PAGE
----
Almost contemporary with Michelangelo’s fresco is Albrecht Dürer’s engraving of the same momentous biblical episode. Adam and Eve stand in a classical contrapposto and recall famous ancient sculptures (the Medici Venus for her and the Belvedere Apollo for him). As nudity was justified by the scene, Dürer seizes the opportunity to depict two perfect bodies that illustrate his studies on proportion. Furthermore, their physiognomy is complementary: both display trapezoidal torsos that mirror each other. The first couple is not alone in Eden: a whole slew of animals surrounds them. As Erwin Panofsky showed many years ago, several of these animals allude to what was known as the four temperaments, a theory first articulated by the Ancient physician Galen. In the so-called humoral theory, different bodily fluids (humors) determine four different temperaments: the sanguine by an excess of blood, the choleric by bile secreted by the liver, the melancholic by “black gall,” a fluid also secreted by the liver, and the phlegmatic by phlegm from the lungs. In Dürer’s print, as Panofsky famously declared, a rabbit represents “sanguine sensuality,” a cat “choleric cruelty,” an elk “melancholic gloom,” and an ox “phlegmatic sluggishness.” Each of these animals was connected to a season, age, and an element: the sanguine with spring, childhood, and air; the choleric with summer, youth, and fire; the melancholic with autumn, middle age, and earth; and the phlegmatic with winter, old age, and water. It is thus an an-encompassing system, in fact, not so different from the principles of Chinese and Ayurvedic medicine.

Before the Fall, the four temperaments were in balance and that equilibrium was broken when Adam and Eve disobeyed God and were expelled from the Garden of Eden. The Original Sin, by disturbing this balance, brought illness and death. Two details support this message. The first, in the foreground, is the position of the mouse and cat, with the cat ready to pounce on the rodent, expounding the idea that this balance is just about to end—we could say that all hell is about to break loose! Another humorous detail appears in the distance. Precariously perched on a cliff, a mountain goat looks down, as if it were about to jump, a visual translation of the name of the episode—the Fall.

MAJ SummerFreres Limbourg Tres Riches Heures du duc de Berry chute des anges rebelles Google Art Project copy

Limbourg Brothers (Paul, Jean, and Herman), Fall of the Rebel Angels from the Très Riches Heures of the Duke of Berry, tempera on vellum, 11.4 x 9.2 in. (29 x 21 cm), 1411–16, Musée Condé, Chantilly, Ms. 65/1284, f. 64v (photo: Wikimedia Commons).

Adam and Eve were not the only ones to fall from grace: this was also what happened to Lucifer and the so-called Rebel Angels, who would go on to staff hell. The Limbourg Brothers depict their fall in an illumination that appears in one of the most magnificent illuminated manuscripts ever created, fittingly called the Très Riches Heures (“very rich hours”) of the Duke of Berry. It is a prayer book of the type referred to as a book of hours, alluding to the fact it contains prayers to be said at different times of the day, the canonical hours. This particular illumination appears at the beginning of the Penitential Psalms—a clear warning to not rebel against God out of pride as did Lucifer and other angels. God appears at the very top, in the center, flanked by three rows of ornate Gothic choir stalls where angels sit. A considerable number of seats has been emptied by the rebel angels expelled from Heaven. Directly below God stands a group of angels, dressed in military garb, who brandish swords and a spear. More angelic soldiers cast down their fallen colleagues, who plunge headfirst into a fiery hell from which smoke rises. At the bottom center is Lucifer, the leader of the rebel angels, who still wears a crown.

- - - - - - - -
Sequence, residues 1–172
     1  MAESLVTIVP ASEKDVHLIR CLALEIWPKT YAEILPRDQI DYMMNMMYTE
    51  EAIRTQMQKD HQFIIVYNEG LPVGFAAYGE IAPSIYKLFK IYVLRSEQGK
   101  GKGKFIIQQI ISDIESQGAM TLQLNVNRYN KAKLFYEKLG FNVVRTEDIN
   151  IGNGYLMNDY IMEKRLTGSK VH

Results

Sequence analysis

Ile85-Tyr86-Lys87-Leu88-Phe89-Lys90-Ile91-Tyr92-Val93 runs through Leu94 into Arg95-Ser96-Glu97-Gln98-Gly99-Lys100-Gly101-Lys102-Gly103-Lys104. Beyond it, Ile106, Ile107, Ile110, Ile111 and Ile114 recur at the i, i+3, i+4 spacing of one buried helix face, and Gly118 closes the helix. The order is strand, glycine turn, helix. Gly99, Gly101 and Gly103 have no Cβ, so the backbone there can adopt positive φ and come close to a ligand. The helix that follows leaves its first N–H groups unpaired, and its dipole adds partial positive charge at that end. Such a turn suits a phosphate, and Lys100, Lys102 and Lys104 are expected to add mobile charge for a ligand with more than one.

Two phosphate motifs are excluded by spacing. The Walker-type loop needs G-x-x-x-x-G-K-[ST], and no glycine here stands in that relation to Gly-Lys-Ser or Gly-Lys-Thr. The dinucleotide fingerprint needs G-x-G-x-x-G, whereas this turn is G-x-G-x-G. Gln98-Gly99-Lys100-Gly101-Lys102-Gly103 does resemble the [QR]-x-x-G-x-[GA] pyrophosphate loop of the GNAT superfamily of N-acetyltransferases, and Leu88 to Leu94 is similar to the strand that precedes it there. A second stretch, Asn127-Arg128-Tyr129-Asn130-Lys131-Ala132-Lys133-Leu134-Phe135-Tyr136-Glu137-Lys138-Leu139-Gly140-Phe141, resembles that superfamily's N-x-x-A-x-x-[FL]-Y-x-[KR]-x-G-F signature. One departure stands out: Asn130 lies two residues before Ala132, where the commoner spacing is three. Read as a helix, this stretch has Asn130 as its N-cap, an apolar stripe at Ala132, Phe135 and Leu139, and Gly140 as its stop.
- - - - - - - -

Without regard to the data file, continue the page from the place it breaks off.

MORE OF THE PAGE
Despite the fall from their heavenly abode and their loss of balance, the rebel angels tumble in perfect symmetry, forming two tidy strings that converge on the towering figure of Lucifer. Similarly, the stalls are emptied in a regular and symmetrical pattern. Flanking Lucifer, on the viewer’s left—that is, the right from God’s perspective—is an angel who forcefully pushes down one of the rebel angels, who has been completely engulfed by fiery magma. On the opposite side is a rebel angel who dives head first, his hands clutched in a worthless prayer. No doubt is left: the balanced composition confirms that the demise of these figures is the work of God.

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Title page from Andrzej Maksymilian Fredro’s Monita Politico-Moralia (Politico-Moral Warnings), 1748 edition (photo: Jagiellonian Library, Kraków, work in the public domain).

In art, the notion of balance is thus both form and metaphor, visually translating aesthetic ideals, moral values, philosophical principles, medical theory, and religious doctrine. What might seem like a paradox (think of Mondrian’s “dynamic equilibrium”), is the stuff of life: balance is a process. Indeed, achieving and maintaining balance is a balancing act that involves different processes, such as circulation, exchange, regulation, and negotiation. There can’t be balance without imbalance, grace without the risk of losing it, perfection without imperfection, harmony without discord. It is because there is instability, imbalance, disorder, disharmony, strife, imperfection, anguish, vice, chaos, pain, disease, and death, that we strive for balance.



Calder Foundation, “1930–1936 Shift to Abstraction.”

Dürer, Albrecht. Underweysung der Messung (Manual of Measurement), Nuremberg: Hieronymus Andreae 1525.

Dürer, Albrecht. Vier Bücher von menschlichen Proportion (Four Books of Human Proportion), Nuremberg: Hieronymus Formschneider (Hieronymus Andreae), 1528.

Panofsky, Erwin, The Life and Art of Albrecht Dürer. Princeton: Princeton University Press, 1945.

Schoenmaekers, Mathieu Hubertus Josephus, Het Nieuwe wereldbeeld (The New Image of the World), Bussum: C. A. J. Van Dishoeck, 1915.


Image at top: Georges Seurat, Le Cirque, oil on canvas, 72.8 x 59.8 in. (185 x 152 cm), 1890–91, Musée d’Orsay, Paris (photo: Wikimedia Commons).